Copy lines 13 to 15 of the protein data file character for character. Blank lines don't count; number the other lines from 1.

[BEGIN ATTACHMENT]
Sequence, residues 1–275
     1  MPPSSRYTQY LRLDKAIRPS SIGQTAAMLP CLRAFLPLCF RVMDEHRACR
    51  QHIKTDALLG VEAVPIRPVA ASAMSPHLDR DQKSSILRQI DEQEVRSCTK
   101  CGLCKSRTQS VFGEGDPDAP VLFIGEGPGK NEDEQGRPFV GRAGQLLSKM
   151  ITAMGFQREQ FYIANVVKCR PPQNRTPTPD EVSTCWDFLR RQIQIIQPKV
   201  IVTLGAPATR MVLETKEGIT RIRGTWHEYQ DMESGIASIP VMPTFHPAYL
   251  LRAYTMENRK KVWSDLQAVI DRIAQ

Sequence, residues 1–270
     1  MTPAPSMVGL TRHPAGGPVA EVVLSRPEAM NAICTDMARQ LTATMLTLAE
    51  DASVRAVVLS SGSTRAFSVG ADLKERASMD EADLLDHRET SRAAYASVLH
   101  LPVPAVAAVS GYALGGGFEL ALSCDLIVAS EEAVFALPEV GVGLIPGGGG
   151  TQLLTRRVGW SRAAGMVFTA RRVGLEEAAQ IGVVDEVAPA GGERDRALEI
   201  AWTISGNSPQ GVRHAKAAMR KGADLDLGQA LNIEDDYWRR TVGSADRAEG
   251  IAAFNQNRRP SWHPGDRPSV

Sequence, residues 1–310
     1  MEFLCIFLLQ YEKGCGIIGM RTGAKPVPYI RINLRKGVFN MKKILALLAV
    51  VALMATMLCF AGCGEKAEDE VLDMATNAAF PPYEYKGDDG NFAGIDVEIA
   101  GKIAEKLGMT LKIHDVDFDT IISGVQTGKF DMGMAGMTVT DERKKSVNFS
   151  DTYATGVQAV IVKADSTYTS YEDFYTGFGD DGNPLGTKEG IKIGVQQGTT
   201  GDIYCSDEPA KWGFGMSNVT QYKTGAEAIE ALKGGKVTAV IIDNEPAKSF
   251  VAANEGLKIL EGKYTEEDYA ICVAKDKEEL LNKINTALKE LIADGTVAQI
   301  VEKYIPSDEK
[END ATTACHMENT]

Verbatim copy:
   201  AWTISGNSPQ GVRHAKAAMR KGADLDLGQA LNIEDDYWRR TVGSADRAEG
   251  IAAFNQNRRP SWHPGDRPSV

Sequence, residues 1–310